Some thoughts on Brewster

Three days in, Brewster, the new personalized address book, has become an instant classic for me.  Perhaps I lucked out, but I didn’t experience much of the delay in processing my contacts that many others reported – I had to wait about 90 minutes which, while not ideal, was fine.  Everything since then seems to have been working like a charm  – the de-duplication and reconciliation of contacts across social networks, in particular, was beautifully done, and that’s not a trivial data problem.

I have always liked the concept of a personalized, always current address book.  In a way, it is sort of like the old Plaxo idea, which was probably before its time.  There were various startups that tried to fix the address book, including Sensobi (that eventually was acquired by GroupMe).  The next iteration of the social concept that I’m aware of is Everyme – at least in the initial vision the founders had for it when they were at Y Combinator in the Summer of 2011.  I was a bit bummed when it pivoted (or evolved) to become a private social network.

I really like that Brewster came out of the gate very “feature-rich”.  While I’m all for MVPs and generally agree that “if you are not embarrassed by the first version of your product, you’ve launched too late”, for something like this, I think the founder(s) made the right call to wait until the product was ready before launching.  At this stage of the game, anything that sounds like yet another hyped up app, and asks me to connect all my social networks when I first log in, etc. had better deliver some real value quickly for me to give it a real chance, and that was the case here.  As the founder Steve Greenwood  has apparently been mulling over this concept for many years, the temptation to release early must have been strong, particularly as it sounds like several startups are working on related concepts, including for example FullContact, but from my user’s standpoint, it was well worth it.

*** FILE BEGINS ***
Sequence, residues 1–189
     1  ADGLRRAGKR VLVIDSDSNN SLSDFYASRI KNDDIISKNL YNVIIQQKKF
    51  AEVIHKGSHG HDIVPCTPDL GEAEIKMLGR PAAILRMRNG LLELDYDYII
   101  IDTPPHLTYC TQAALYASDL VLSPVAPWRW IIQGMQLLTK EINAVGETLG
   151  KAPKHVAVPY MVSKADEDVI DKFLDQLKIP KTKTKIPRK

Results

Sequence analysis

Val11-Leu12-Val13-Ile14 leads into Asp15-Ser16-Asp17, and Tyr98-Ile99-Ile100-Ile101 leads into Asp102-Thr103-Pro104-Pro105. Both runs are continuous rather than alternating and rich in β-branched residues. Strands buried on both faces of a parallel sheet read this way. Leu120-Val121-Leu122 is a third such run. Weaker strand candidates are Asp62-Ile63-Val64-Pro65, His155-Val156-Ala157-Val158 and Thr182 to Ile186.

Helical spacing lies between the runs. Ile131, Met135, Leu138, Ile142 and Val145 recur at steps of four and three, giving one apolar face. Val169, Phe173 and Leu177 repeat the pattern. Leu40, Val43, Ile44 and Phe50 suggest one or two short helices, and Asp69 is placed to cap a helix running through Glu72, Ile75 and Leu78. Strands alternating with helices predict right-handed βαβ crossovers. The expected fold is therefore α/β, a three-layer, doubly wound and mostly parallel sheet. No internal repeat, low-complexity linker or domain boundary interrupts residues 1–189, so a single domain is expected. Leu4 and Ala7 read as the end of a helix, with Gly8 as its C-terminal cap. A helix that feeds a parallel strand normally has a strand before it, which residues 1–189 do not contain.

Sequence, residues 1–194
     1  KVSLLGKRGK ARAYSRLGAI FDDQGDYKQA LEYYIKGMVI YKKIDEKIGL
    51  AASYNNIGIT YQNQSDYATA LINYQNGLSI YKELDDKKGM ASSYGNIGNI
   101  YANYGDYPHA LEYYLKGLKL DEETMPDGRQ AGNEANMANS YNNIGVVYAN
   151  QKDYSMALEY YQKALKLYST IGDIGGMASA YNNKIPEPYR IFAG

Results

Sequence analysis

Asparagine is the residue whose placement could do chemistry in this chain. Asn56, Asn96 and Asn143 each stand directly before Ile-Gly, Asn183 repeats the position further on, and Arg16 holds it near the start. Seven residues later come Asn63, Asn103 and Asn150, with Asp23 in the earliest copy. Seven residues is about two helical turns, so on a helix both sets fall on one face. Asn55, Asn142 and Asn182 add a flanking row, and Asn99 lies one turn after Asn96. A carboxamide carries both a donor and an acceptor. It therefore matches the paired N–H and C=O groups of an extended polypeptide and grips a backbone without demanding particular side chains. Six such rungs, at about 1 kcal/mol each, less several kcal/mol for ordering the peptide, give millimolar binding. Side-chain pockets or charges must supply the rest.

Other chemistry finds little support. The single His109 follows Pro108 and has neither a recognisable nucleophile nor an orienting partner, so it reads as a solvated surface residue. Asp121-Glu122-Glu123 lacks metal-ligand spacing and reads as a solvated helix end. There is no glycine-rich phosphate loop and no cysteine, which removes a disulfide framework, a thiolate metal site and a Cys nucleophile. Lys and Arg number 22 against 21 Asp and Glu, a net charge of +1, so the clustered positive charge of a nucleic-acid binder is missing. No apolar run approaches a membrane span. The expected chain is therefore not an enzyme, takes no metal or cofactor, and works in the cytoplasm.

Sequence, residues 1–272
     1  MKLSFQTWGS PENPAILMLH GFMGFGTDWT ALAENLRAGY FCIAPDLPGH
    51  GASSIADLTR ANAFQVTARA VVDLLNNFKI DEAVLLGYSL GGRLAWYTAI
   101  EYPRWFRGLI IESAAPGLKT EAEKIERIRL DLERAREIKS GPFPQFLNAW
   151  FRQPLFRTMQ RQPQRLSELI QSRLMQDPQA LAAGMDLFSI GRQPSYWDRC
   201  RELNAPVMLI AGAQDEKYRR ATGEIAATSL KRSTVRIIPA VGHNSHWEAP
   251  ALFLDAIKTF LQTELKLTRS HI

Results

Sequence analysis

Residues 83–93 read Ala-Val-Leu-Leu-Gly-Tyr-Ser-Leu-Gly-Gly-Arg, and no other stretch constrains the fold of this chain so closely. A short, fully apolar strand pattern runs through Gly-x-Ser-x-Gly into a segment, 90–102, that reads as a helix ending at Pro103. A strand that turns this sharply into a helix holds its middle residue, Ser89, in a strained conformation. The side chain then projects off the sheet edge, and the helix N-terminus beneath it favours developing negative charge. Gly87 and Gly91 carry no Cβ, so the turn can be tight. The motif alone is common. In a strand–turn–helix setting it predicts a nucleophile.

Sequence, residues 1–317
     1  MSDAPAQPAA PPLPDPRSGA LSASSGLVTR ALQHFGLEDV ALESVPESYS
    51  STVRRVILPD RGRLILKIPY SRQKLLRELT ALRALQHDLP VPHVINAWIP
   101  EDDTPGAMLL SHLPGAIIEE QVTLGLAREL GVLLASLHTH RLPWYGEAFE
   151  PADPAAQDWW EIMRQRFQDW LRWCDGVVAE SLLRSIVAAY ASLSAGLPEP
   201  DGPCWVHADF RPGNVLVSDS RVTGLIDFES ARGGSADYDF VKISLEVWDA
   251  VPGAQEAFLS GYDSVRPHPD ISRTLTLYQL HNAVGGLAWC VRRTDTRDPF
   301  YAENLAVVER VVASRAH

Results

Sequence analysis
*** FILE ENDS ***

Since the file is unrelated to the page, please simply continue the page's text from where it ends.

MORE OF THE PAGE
A few other aspects of the product (and its launch) that I like:

– I like that Brewster was clearly thought through as a data product – while the “Favorites” tab has an emotional and aesthetically pleasing aspect to it (depending on how attractive one’s friends are, at least…), the rest of the app is very data-centric: the “Lists” tabs has some interesting automatic categorization (I have 171 friends who are ‘Managing Director”, apparently, does that mean I’m old?), while the “Search” tab is awesome, with good suggested searches and the ability to uncover all sorts of interesting common interests across my contact list.

– While everything is automated, I like the fact that the product made me work manually to create my list of “favorites”.  That actually increased my personal investment into the product, and makes me less likely to discard it.

–  I really like that Brewster did not use any of the tired “virality” tricks that have become so common place.  No automatic posting on my Facebook newsfeed; no “Sent using my Brewster address book” tag line in emails, etc.

– I was impressed with the email I got to announce that my account was ready, personalized with pictures of some of my key contacts – great way of delivering a unique experience before I even started using the product in earnest.

The data privacy issue (and the fairly dramatic reactions to it) are of course a concern. I’m actually surprised that I don’t care more about it, personally — I guess I have gone pretty far down the path of accepting some privacy risk (as long as it’s not banking information), in return for getting a lot of value from the product, which I feel is the case here.  But obviously many people will feel differently, and this could sink the company entirely, if not properly addressed.

One functionality that I don’t find as impressive, at least as of now, is the “Updates” section — what it has surfaced so far (birthdays essentially) is not particularly interesting.  What would be really cool, eventually, would be an integration with Newsle, to get news about your friends.  Oh wait, add to this an integration with Cue, as well.  All built in natively into my iPhone address book and calendar.  Ok, so, maybe that’s a bit much to ask.  In the meantime, Brewster is already one of the most interesting apps I have seen in a long time.